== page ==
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The glass capsule around the reed generally guarantees relatively low capacitance to the coil assembly which is the primary concern. The coil voltage is dc and it is not hard to provide a relatively clean supply to the coils - in any case the mutual inductance between the coil and contacts is so small that even any noise modulating the supply is not going to couple effectively into the switch path. These are frequently used in very low level circuitry in telco, ATE, and audio test gear without issues.

You can use rf reed relays and ground the capsule shields if you are concerned, but I believe this is overkill.
I'm more and more getting to the point that there is an impedance matching problem. In theory it should work, the network is designed for 100k termination, and the alps provides that.

In the other hand, yesterday at my friend's system it was sensitive to noise (mainly from mains) pick up, but we were able to place it with minimum noise. Today I spent 2 hour now on how to place it behind my preamp, but I have so much noise pick up that I can not evaluate it. Unfortunately just behind/under the line amp I have the mains distribution. I know it is not lucky, but I had 0 problem with it so far.

I'm afraid that this network must be right in the tube's legs with it's termination good noise floor.

Tomorrow I make a 2 resistor devider to see if that picks up similar noise or not. I less and less believe that it will be a right choice for tube based chain.


In the other hand, kevinkr you are right, I tried to explain we had more treble for sure with the network, not less. The difference is so high that it is not questionnable. Do not misunderstand, the relay netwrork is not bad, but it is like a very good interconnect against a not so good interconnect.

These relays are classified 'signal relay' also, but I have some Omron G6K now also.

I try to solder to gether the closed contact legs tomorrow. If that works, so it improves much, I will change to the G6K and I'll let you know.



its really interesting again that all answers so far just deal with ominous component ´qualities´ and no answer dealt with the circuit schem aka the component values itself! Very High-Enderish indeed and most sadly probabely useless :shutup:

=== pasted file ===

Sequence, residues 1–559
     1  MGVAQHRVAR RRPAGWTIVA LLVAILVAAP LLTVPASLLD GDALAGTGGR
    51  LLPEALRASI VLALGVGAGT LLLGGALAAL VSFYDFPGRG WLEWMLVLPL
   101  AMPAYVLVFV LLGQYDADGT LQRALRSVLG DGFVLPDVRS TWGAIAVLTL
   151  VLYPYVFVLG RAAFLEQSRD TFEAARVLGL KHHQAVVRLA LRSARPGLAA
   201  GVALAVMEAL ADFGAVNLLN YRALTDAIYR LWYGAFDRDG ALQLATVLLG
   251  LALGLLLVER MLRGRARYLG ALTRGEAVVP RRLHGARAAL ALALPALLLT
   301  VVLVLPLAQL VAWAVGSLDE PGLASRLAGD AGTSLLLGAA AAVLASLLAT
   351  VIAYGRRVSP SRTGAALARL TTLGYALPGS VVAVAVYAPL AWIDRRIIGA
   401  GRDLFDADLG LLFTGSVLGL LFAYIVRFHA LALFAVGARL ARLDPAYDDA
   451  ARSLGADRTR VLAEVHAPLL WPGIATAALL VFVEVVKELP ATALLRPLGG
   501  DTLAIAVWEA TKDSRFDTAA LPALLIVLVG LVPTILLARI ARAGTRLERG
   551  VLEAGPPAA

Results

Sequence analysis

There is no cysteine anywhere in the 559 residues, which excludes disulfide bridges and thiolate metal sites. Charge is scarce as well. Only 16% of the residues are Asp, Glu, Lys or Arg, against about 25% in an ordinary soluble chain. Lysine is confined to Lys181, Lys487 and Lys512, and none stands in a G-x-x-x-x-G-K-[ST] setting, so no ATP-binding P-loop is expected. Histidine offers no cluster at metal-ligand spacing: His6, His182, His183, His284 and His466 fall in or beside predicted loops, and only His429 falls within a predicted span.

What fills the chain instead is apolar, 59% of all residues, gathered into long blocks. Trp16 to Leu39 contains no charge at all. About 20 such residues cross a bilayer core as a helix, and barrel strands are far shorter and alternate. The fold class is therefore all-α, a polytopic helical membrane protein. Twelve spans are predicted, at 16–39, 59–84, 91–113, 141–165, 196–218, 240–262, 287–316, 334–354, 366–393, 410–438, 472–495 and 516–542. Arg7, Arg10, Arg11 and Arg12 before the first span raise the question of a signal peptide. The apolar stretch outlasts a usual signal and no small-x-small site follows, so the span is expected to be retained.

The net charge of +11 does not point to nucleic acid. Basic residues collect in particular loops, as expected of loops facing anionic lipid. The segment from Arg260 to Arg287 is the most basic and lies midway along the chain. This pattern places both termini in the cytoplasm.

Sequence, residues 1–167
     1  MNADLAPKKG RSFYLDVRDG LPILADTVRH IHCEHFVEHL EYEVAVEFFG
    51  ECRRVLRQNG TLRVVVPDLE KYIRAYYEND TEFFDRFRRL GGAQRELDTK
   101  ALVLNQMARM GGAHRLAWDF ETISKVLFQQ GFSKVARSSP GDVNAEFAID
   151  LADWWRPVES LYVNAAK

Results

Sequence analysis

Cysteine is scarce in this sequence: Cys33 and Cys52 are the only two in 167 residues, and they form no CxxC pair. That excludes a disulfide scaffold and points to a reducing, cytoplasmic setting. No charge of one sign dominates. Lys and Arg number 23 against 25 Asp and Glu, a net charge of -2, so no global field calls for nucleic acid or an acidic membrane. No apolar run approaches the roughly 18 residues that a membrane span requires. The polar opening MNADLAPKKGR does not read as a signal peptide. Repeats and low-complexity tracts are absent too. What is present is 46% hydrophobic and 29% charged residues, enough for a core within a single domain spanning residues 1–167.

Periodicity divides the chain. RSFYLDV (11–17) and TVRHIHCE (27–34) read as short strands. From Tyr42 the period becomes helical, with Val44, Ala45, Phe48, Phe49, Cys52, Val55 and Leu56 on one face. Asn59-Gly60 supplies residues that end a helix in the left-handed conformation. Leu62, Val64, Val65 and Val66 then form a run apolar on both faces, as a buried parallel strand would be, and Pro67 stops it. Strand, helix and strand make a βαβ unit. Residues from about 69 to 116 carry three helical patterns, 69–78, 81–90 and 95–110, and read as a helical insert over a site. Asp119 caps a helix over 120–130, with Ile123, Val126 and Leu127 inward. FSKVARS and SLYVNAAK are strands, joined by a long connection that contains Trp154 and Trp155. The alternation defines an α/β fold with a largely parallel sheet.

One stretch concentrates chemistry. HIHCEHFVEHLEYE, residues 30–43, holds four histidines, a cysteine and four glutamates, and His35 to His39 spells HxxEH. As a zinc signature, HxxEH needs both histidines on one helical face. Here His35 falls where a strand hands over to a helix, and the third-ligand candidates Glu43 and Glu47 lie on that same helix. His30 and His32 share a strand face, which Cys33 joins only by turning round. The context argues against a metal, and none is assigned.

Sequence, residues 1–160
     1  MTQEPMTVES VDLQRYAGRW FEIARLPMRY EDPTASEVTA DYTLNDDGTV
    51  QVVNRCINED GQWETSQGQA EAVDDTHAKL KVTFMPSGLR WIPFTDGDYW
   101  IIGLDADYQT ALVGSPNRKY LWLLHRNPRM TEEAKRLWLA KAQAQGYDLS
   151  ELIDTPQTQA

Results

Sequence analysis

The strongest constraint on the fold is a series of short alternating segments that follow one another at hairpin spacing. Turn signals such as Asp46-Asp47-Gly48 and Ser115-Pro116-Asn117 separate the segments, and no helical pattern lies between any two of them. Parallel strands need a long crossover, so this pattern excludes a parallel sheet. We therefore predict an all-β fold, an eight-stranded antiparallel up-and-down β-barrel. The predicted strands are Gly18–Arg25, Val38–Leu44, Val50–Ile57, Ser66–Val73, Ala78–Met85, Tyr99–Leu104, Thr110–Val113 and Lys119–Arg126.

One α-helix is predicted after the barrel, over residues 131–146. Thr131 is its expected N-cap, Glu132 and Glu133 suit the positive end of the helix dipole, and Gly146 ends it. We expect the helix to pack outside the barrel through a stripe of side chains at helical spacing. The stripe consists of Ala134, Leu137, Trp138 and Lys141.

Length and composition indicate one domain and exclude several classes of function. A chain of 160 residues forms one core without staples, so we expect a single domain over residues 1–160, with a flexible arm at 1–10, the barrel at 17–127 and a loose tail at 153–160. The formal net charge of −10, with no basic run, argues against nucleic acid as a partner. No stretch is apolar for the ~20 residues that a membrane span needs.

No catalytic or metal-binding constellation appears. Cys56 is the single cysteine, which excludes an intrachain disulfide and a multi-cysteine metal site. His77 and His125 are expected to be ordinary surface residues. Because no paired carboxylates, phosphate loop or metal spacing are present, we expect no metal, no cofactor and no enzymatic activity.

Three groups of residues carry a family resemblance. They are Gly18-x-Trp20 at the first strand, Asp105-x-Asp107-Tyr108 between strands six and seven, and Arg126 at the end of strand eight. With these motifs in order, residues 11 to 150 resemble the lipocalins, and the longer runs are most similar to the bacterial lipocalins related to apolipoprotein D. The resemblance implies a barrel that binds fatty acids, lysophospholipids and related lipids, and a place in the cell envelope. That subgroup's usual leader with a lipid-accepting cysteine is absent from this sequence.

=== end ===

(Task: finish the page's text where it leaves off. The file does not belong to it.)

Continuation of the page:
I don´t think, that the chosen resistor types and relays are responsible for the ´bad´ sound. The choosen resistor values are imo the problem. They are way too high! This leads to a too high output resistance value and hence to reduced bandwidth.

I´d suggest to redesign the resistor values so that You have a lowish output resistance. Anything above 2kohms is rather problematic.
The values which You chose after Jos´ attenuator are very high. He works with an output impedance of 22kohms, reducing to ~2kOhms only for the lowest 32 values (those You probabely never need anyway!). This might work with high input impedances within a tube amp, but gives problems, as soon as You have to run the signal through a cable (i.e capacitances). Too the change in output resistance leads to a nonlinear stepping when You don´t run the attenuator into the specified 100kOhms input impedance of the following device (most devices work with 47kOhms).
A general problem of these logarithmic attenuators is that to achieve a high level of step linearity the resistor values have to be very tightly tolerated.
Besides a constant hum (I still couldn´t figure out where it came from..probabely interferences of the µController) this was the main reason I dropped Jos´s device and made one myself. The R-2R-network as well as a new logarithmic attenuator work imo both better because of lower and constant -througout the whole attenuation spectrum- impedance values.


ps. This attenuator is not an R-2R-network! That would work solely with 2 equal valued resistor-values...as its name implies.